David Bourget (Western Ontario)
David Chalmers (ANU, NYU)
Rafael De Clercq
Jack Alan Reynolds
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Philosophy and Geography 6 (1):33 – 45 (2003)
Mountains were once no less feared and loathed than wetlands. Mountains, however, were aesthetically rehabilitated (in part by modern landscape painting), but wetlands remain aesthetically reviled. The three giants of American environmental philosophy--Thoreau, Muir, and Leopold--all expressed aesthetic appreciation of wetlands. For Thoreau and Muir--both of whom were a bit misanthropic and contrarian--the beauty of wetlands was largely a matter of their floral interest and wildness (freedom from human inhabitation and economic exploitation). Leopold's aesthetic appreciation of wetlands was better informed by evolutionary natural history and ecology. For example, cranes--wetland denizens--are more ancient than other large American avifauna and this evolutionary information and perspective enhances our aesthetic experience of them; and the ecological relationships between wetland species--such as sphagnum moss, tamaracks, and pitcher plants--informs our aesthetic experience of the wetlands biotic community. The Leopold land aesthetic involves all sensory modalities, emphasizes cognition as well as sensation (in this regard it may fruitfully be compared to the philosophy of Kant), and is more akin to an aesthetic of muisic than to an aesthetic of painting.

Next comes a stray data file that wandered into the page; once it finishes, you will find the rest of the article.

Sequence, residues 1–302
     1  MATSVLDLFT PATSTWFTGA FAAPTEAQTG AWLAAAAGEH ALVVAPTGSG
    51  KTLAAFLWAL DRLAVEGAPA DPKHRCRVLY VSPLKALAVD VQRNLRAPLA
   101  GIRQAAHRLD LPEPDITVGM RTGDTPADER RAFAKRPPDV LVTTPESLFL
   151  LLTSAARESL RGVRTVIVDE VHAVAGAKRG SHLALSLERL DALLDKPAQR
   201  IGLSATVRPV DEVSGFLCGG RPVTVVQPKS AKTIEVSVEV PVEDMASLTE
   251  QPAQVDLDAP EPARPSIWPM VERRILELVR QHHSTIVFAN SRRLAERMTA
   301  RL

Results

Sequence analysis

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Allen Carlson (2011). Aesthetic Appreciation of Nature and Environmentalism. Royal Institute of Philosophy Supplement 69:137-155.
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